To others dropping in here- turbo pumps and N/A pumps are NOT the same. If you are considering replacing your IP, please contact a diesel shop and get the CORRECT replacement if you are keeping your truck stock.
I didn't ask how many pumps you've built, anybody with a stand and a calibration sheet can rebuild a pump. Hell, there are plenty of guys doing it without. I asked how many pumps you have built on the level of my turbo-cal's and DB4's. There is a big difference between coming up with your own calibrations that work, and using the cheat sheet.
Evel, it looks like I jumped the gun initially on the 69cc rating of turbo-calibrations spec, I read/type scatter brained a lot. The valve cover itself does state 68-69cc, and I can admit that I don't know all of the factory calibrations by heart, because I generally don't do a stock pump unless its N/A.
My Turbo-cal pumps are superior in every way..... but this is the type of misinformation that causes people to go on the forums looking for "turbo pumps" thinking they are a special, higher output pump. I deal with 2 different Injection shops that both disagree with you, and I disagree with you.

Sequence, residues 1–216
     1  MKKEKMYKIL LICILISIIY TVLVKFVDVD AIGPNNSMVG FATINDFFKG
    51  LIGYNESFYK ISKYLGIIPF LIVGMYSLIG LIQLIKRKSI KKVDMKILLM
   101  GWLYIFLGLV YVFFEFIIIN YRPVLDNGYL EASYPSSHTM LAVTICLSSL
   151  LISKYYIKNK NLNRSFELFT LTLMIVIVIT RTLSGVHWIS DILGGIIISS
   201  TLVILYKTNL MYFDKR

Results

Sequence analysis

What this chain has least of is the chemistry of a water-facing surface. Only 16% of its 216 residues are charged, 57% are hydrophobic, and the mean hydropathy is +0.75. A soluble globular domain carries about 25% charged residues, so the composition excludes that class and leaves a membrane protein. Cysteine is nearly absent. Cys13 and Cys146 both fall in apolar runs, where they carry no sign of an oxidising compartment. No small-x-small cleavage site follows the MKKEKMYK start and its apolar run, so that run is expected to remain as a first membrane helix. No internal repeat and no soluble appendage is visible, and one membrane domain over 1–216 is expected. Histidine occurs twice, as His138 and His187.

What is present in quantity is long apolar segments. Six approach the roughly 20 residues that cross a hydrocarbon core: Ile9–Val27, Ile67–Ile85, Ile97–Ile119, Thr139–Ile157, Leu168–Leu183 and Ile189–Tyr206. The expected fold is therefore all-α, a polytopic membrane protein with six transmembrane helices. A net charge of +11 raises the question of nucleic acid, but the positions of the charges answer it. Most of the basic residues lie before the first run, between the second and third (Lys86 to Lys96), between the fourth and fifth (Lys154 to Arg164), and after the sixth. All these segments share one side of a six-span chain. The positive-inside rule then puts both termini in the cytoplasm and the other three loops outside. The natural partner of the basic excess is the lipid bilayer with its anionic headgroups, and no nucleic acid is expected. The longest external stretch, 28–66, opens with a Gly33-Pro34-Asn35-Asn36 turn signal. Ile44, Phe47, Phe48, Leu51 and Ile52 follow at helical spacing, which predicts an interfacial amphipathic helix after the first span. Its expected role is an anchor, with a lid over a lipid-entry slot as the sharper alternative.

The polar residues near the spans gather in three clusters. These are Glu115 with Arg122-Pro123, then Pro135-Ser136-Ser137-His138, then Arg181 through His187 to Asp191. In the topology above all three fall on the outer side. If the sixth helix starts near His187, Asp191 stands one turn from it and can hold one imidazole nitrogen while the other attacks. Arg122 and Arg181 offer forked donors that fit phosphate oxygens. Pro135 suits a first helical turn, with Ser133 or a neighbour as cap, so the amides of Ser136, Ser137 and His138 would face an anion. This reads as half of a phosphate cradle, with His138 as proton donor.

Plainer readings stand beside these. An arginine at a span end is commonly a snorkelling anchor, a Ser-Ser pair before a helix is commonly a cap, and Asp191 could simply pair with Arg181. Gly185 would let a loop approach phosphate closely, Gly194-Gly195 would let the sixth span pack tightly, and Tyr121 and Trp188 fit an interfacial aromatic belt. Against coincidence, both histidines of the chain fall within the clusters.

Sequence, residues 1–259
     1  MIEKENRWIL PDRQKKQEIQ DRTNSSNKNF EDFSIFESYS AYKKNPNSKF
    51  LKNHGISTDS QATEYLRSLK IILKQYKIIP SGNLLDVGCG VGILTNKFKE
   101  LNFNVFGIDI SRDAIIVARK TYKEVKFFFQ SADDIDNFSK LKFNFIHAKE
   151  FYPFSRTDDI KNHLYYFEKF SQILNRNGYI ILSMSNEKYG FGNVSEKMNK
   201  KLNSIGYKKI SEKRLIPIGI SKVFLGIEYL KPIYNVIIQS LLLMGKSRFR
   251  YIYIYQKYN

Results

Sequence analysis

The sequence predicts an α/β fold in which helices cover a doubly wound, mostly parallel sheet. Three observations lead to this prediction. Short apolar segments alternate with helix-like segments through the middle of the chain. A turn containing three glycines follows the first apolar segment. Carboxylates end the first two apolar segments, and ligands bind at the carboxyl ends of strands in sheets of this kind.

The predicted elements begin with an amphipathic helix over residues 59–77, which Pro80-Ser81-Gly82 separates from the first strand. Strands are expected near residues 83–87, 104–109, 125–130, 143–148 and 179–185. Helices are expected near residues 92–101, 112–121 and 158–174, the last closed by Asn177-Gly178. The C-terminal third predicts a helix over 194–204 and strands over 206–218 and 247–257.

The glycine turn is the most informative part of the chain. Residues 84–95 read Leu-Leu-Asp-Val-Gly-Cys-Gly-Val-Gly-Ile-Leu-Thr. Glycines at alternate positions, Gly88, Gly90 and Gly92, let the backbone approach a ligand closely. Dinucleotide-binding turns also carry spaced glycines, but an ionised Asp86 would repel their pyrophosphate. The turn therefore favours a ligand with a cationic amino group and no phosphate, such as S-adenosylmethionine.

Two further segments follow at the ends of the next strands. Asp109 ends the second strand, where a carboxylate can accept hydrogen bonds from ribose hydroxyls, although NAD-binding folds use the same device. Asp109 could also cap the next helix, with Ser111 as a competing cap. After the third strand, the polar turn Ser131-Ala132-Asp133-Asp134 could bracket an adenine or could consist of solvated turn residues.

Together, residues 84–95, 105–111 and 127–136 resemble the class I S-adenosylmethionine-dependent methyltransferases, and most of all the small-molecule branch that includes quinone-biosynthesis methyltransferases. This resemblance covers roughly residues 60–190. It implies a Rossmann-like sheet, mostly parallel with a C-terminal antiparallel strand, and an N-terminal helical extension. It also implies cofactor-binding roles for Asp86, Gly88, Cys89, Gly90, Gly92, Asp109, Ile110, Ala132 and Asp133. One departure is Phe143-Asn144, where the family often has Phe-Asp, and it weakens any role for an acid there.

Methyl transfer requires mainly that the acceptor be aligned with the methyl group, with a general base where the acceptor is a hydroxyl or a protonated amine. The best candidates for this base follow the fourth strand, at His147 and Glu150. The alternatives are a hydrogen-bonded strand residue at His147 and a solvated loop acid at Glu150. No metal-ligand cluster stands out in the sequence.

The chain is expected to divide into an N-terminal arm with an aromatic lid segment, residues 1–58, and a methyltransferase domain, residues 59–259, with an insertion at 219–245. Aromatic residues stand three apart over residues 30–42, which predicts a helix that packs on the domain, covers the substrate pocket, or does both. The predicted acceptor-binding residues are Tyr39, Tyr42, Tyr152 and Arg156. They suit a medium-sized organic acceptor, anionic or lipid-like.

There are two head and rotor groups. 6.9 and 7.3. One is a .29 plunger, the other a .31
All 6.9's are .29, all 7.3's are .31
There are a bunch of slight differences in cam ring numbers and such but nothing of real importance. The main importance is that you get the right Head/Rotor, and the right housing.
You have housings that had bronze bushings/less seals, and Roller bearing/more seals shaft.
The last four digits of the Stanadyne part number for the bearing pump have to be 4746 or larger. 4369 and 4541 are built both ways so hard to tell unless torn apart.
The "turbo pump", which is the same pump used on 92.5-94 trucks regardless of turbo or N/A. Mechanically they are IDENTICAL. The only difference is a slightly different factory calibration.Nothing you would ever tell the difference on, on a stock truck, which is why there was only a 5-10hp increase in power.
It uses the aneroid screw (commonly referred to as torque screw), and they have a slightly different advance piston, allowing a broader light load/speed advance than the other 7.3 pumps.
In the end it doesn't matter. If you are having a pump done by anyone that can look outside of a calibration sheet, they can make any .31 pump perform the same. There is no difference in max fuel rate capabilities between N/A and "turbo" 7.3 pumps. Period.
When I do my Turbo-cal 80-90cc performance DB2, the only core requirements is that the core housing is a bearing housing, the shaft is not broken, and it has a .31 head/rotor. When I get a torque screw housing, I plug the torque screw hole.